Few young readers will get that far, or care much.

SOPHOMORE CAMPAIGN

From the A Mickey Tussler Novel series , Vol. 2

Ridiculously mannered prose strikes out this ambitious tale of a 1949 minor-league baseball team with an autistic star hurler and a courageous black catcher.

“This was home. The ballpark. The one place in the world that mattered. The one place in the world that did not morph in the tumult of the universe.” Evidently styling himself the next Damon Runyon, Nappi follows up The Legend of Mickey Tussler (2008; made into the 2011 TV film A Mile in His Shoes) with more diamond action between the Brewers and archrival Rangers. This is highlighted by the return of Mickey, the “Baby Bazooka,” and the arrival of slugging catcher Lester Sledge from the Negro Leagues. Mining the thesaurus for alternatives to the N-word, the author subjects Sledge to a hail of “ulcerous screams” and “festering odium” from “yard ape” to “jigaboo.” Not even repeated attacks from local members of the KKK prevent him from emerging “like a powerful pupa” to shine on the field. Meanwhile, as Mickey mows opposing batters down, his mother and Brewers manager Arthur “Murph” Murphy consummate their relationship (“…her entire lifetime had been communicated to him through her soft, wet lips”). As in the opener, Rangers’ chicanery again leads to a climactic Brewers defeat, but a call to the Show for Murph, Mickey and Lester tacks on an upbeat ending.

Few young readers will get that far, or care much. (Historical fiction. 13-18)

Pub Date: May 1, 2012

ISBN: 978-1-61608-663-3

Page Count: 280

Publisher: Skyhorse Publishing

Review Posted Online: March 7, 2012

Kirkus Reviews Issue: April 1, 2012

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A well-intentioned project whose earnest messages of empathy and equality fall short in execution.

GAME CHANGER

A timely, speculative thought experiment in perspective, privilege, and identity.

Ash Bowman is a White, heterosexual boy who doesn’t think too deeply about the plights of others. That is, until a jarring football injury shifts him into a parallel universe. At first, the changes to Ash’s world are small: Stop signs are blue, not red, for example. Then, with every tackle, Ash transports himself into a new reality, and the changes become much more pronounced. Characters change gender, social class status, sexuality, or even live in a world where racial segregation still exists. These changes in perspective prompt Ash to cultivate a greater sense of empathy and urgency regarding the suffering of others. But as reality becomes increasingly unstable, he must set the world back to rights. Ash is a clever, sincere narrator, and his journey of self-discovery is well-paced with solid twists at nearly every chapter’s end. But the project ultimately attempts to tackle too much, covering abuse, racism, homophobia, misogyny, class privilege, and more; this leads to little time and nuance dedicated to each. Unlike in real life, characters typically possess a single marginalized identity, and the interplay between struggles for progress in different areas is not explored, oversimplifying matters. The joys of queer love are shown, but experiences of being female or Black are largely presented in terms of oppression. Additionally, characters from marginalized populations are generally used for Ash’s own character development.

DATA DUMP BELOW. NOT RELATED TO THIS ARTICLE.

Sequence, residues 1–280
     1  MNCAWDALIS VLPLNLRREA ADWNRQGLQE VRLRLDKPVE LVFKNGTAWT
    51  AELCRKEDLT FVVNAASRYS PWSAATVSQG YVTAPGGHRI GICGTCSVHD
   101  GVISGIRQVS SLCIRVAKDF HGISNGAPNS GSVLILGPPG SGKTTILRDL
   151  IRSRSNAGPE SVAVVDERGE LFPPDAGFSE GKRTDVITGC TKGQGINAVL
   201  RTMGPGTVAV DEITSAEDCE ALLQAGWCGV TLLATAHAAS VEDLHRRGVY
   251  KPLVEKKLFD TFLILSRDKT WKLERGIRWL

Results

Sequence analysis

A well-intentioned project whose earnest messages of empathy and equality fall short in execution. (Science fiction. 14-18)

Pub Date: Feb. 9, 2021

ISBN: 978-0-06-199867-6

Page Count: 400

Publisher: Quill Tree Books/HarperCollins

Review Posted Online: Nov. 24, 2020

Kirkus Reviews Issue: Dec. 15, 2020

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A superb, complex romance full of heart, humor, and unforgettable characters.

ALL THE THINGS WE NEVER KNEW

Two promising Texas basketball players navigate the ups and downs of first love.

For 11th grade star players Carli and Rex, it’s love at first sight when he blows her a kiss from the free-throw line as she watches the game on the sidelines. Carli believes in magic and looks for signs in everyday life—like Rex’s kiss—to help her make decisions. Who should she live with after her parents’ divorce? What should she do with her future—one that won’t include basketball, which she knows will disappoint her father and teammates? Rex is a nature lover like his mother, who died giving birth to him. His father is distant, and inside their big, lonely house, Rex dreams of the NBA. Carli and Rex’s roller-coaster romance is rife with betrayal, heartbreak, grief, and family secrets. As narrators of alternating chapters, they are funny, smart, and unflinchingly candid. Well-written dialogue and fine attention to detail reveal Tamani’s strong insight into Gen Z life. The intensity and depth of Carli and Rex’s love story are conveyed as deftly as the high-energy play-by-plays in their basketball games. Tamani crafts layers of complexity around falling in love, making hard choices, and dealing with loss—on and off the court—in this deeply intimate story of two talented, sensitive teens. Carli, Rex, and their relatives and friends are Black; Rex’s teammates are White.

A superb, complex romance full of heart, humor, and unforgettable characters. (Fiction. 13-18)

Pub Date: June 9, 2020

ISBN: 978-0-06-265691-9

Page Count: 384

Publisher: Greenwillow Books

Review Posted Online: April 5, 2020

Kirkus Reviews Issue: May 1, 2020

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